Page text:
*τ*-neighborhood of zero. Then there exists $Y\in {\mathcal{N}}_{\mathrm{sol}}$ such that $Y\subseteq U$. Let us choose $E\in {\mathcal{N}}_{\mathrm{sol}}$ such that $E+E\subseteq Y$. Since ${S}_{\theta}(\tau )\text{-}{lim}_{j\to \mathrm{\infty}}{x}_{j}=\xi $, the set

*θ*-density zero. Since

*E*is absorbing, there exists $\lambda >0$ such that $\lambda \xi \in E$. Let

*α*be such that $\alpha \le 1$ and $\alpha \le \lambda $. Since

*E*is solid and $|\alpha \xi |\le |\lambda \xi |$, we have $\alpha \xi \in E$. Since

*E*is balanced, ${x}_{j}-\xi \in E$ implies $\alpha ({x}_{j}-\xi )\in E$. Then we have

Hence, $({x}_{j})$ is lacunary statistically *τ*-bounded. □

**Theorem 2.6**

*Let*$(X,\tau )$

*be an LSR*-

*space and*

*θ*

*be a lacunary sequence*.

*If*$({x}_{j})$, $({y}_{j})$

*and*$({z}_{j})$

*are three sequences such that*

- (i)
${x}_{j}\le {y}_{j}\le {z}_{j}$,

*for all*$j\in \mathbb{N}$, - (ii)
${S}_{\theta}(\tau )\text{-}{lim}_{j}{x}_{j}=\xi ={S}_{\theta}(\tau )\text{-}{lim}_{j}{z}_{j}$,

*then* ${S}_{\theta}(\tau )\text{-}{lim}_{j}{y}_{j}=\xi $.

*Proof*Let

*U*be an arbitrary

*τ*-neighborhood of zero, there exists $Y\in {\mathcal{N}}_{\mathrm{sol}}$ such that $Y\subseteq U$. Choose $E\in {\mathcal{N}}_{\mathrm{sol}}$ such that $E+E\subseteq Y$. From the condition (ii), we have ${\delta}_{\theta}(A)=1={\delta}_{\theta}(B)$, where

*Y*is solid, we have ${y}_{j}-\xi \in Y\subseteq U$. Thus,

for each *τ*-neighborhood *U* of zero. Hence, ${S}_{\theta}(\tau )\text{-}{lim}_{j}{y}_{j}=\xi $. □

## 3 Lacunary statistically *τ*-Cauchy and ${S}_{\theta}^{\ast}(\tau )$-convergence

In the present section, first we define the concept of lacunary statistically *τ*-Cauchy in locally solid Riesz spaces as follows.

**Definition 3.1**Let $(X,\tau )$ be an LSR-space and

*θ*be a lacunary sequence. A sequence $x=({x}_{j})$ in

*X*is

*lacunary statistically*

*τ*-

*Cauchy*if for every

*τ*-neighborhood

*U*of zero there exists $p\in \mathbb{N}$ such that

**Theorem 3.2** *Let* $(X,\tau )$ *be an LSR*-*space and* *θ* *be a lacunary sequence*. *If a sequence* $x=({x}_{j})$ *is lacunary statistically* *τ*-*convergent*, *then it is lacunary statistically* *τ*-*Cauchy*.

*Proof*Suppose that ${S}_{\theta}(\tau )\text{-}{lim}_{j\to \mathrm{\infty}}{x}_{j}=\xi $. Let

*U*be an arbitrary

*τ*-neighborhood of zero, there exists $Y\in {\mathcal{N}}_{\mathrm{sol}}$ such that $Y\subseteq U$. Choose $E\in {\mathcal{N}}_{\mathrm{sol}}$ such that $E+E\subseteq Y$. Then

*τ*-neighborhood

*U*of zero, there exists $N\in \mathbb{N}$ such that for all $j,p\ge N$,

Hence, $({x}_{j})$ is lacunary statistically *τ*-Cauchy. □

Now, we define another type of convergence in locally solid Riesz spaces.

**Definition 3.3** Let *θ* be a lacunary sequence. A sequence $({x}_{j})$ in an LSR-space $(X,\tau )$ is said to be ${S}_{\theta}^{\ast}(\tau )$-*convergent* to $\xi \in X$ if there exists an index set $K=\{{j}_{n}\}\subseteq \mathbb{N}$, $n=1,2,\dots $ , with ${\delta}_{\theta}(K)=1$ such that ${lim}_{n\to \mathrm{\infty}}{x}_{{j}_{n}}=\xi $. In this case, we write $\xi ={S}_{\theta}^{\ast}(\tau )\text{-}limx$.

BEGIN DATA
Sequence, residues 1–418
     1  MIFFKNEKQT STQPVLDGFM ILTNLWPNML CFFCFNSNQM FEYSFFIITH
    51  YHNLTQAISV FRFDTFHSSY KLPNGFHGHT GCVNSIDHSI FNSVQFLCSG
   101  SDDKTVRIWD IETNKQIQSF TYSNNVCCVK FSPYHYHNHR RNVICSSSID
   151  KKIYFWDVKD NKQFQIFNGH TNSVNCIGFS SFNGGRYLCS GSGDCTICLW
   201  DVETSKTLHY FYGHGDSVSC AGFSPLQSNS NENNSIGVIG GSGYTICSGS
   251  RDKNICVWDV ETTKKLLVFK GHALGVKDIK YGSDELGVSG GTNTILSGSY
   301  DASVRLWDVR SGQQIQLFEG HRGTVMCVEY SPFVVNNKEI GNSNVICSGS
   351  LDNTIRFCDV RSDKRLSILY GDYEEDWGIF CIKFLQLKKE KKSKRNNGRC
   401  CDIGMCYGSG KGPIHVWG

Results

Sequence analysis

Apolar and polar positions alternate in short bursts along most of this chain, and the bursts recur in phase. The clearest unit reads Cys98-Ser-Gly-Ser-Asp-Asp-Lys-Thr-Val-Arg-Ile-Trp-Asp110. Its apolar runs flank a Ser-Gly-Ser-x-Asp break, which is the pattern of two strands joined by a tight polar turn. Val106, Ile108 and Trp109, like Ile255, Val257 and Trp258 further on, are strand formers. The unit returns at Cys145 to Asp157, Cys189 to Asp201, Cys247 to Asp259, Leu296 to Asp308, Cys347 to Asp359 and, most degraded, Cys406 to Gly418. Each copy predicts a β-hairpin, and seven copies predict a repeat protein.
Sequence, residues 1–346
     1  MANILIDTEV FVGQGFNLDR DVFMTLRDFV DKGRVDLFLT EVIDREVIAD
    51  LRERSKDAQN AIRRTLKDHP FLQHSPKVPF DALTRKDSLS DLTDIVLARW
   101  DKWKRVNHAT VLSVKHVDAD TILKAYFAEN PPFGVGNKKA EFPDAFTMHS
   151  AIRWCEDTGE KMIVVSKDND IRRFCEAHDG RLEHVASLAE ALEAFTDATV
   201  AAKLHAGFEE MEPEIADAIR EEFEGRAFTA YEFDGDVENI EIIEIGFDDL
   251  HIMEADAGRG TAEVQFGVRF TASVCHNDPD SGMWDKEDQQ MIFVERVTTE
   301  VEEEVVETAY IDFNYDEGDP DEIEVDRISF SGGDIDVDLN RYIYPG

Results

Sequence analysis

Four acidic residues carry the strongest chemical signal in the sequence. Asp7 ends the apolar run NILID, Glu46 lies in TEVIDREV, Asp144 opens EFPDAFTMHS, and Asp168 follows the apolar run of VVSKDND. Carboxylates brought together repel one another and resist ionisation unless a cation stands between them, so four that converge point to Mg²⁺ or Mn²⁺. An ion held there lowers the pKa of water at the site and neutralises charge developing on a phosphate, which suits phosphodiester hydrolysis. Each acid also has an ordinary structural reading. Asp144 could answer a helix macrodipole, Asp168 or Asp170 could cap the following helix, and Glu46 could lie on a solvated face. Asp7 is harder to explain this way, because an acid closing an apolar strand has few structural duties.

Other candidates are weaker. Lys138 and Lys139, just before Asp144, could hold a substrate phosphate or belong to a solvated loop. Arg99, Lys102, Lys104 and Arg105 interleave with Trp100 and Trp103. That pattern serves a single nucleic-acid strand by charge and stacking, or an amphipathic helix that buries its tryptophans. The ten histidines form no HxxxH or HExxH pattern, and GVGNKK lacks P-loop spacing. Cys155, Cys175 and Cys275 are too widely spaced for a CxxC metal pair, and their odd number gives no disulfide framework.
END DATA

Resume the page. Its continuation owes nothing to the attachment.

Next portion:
**Theorem 3.4** *Let* *θ* *be a lacunary sequence*. *A sequence* $x=({x}_{j})$ *is lacunary statistically* *τ*-*convergent to a number* *ξ* *if it is* ${S}_{\theta}^{\ast}(\tau )$-*convergent to* *ξ* *in a locally solid Riesz space* $(X,\tau )$.

*Proof*Let

*U*be an arbitrary

*τ*-neighborhood of

*ξ*. Since $x=({x}_{j})$ is ${S}_{\theta}^{\ast}(\tau )$-convergent to

*ξ*, there is an index set $K=\{{j}_{n}\}\subseteq \mathbb{N}$, $n=1,2,\dots $ , with ${\delta}_{\theta}(K)=1$ and ${j}_{0}={j}_{0}(U)$, such that $j\ge {j}_{0}$ and $j\in K$ imply ${x}_{j}-\xi \in U$. Then

Hence, *x* is lacunary statistically *τ*-convergent to *ξ*. □

Note that the converse holds for a first countable space.

Recall that a first countable space is a topological space satisfying the ‘first axiom of countability’. Specifically, a space *X* is said to be first countable if each point has a countable neighborhood basis (local base). That is, for each point *x* in *X* there exists a sequence ${U}_{1},{U}_{2},\dots $ of open neighborhoods of *x* such that for any open neighborhood *V* of *x* there exists an integer *i* with ${U}_{i}$ contained in *V*.

**Theorem 3.5** *Let* $(X,\tau )$ *be a first countable LSR*-*space and* *θ* *be a lacunary sequence*. *If a sequence* $x=({x}_{j})$ *is lacunary statistically* *τ*-*convergent to a number* *ξ*, *then it is* ${S}_{\theta}^{\ast}(\tau )$-*convergent to* *ξ*.

*Proof*Let

*x*be lacunary statistically

*τ*-convergent to a number

*ξ*. Fix a countable local base ${U}_{1}\supset {U}_{2}\supset {U}_{3}\supset \cdots $ at

*ξ*. For every $i\in \mathbb{N}$, put

- (1)
${M}_{1}\supset {M}_{2}\supset \cdots \supset {M}_{i}\supset {M}_{i+1}\supset \cdots $

- (2)
${\delta}_{\lambda}({M}_{i})=1$, $i=1,2,3,\dots $ .

*ξ*. Suppose that $({x}_{{j}_{n}})$ is not convergent to

*ξ*. Therefore, ${x}_{{j}_{n}}-\xi \notin {U}_{i}$ for infinitely many terms. Let

- (3)
${\delta}_{\theta}({M}_{r})=0$,

and by (1), ${M}_{i}\subset {M}_{r}$. Hence, ${\delta}_{\theta}({M}_{i})=0$, which contradicts (2). Therefore, $({x}_{{j}_{n}})$ is convergent to *ξ*. Hence, by Definition 3.3, *x* is ${S}_{\theta}^{\ast}(\tau )$-convergent to *ξ*. □

## Declarations

### Acknowledgements

The authors would like to thank the anonymous reviewers for their valuable comments.

## Authors’ Affiliations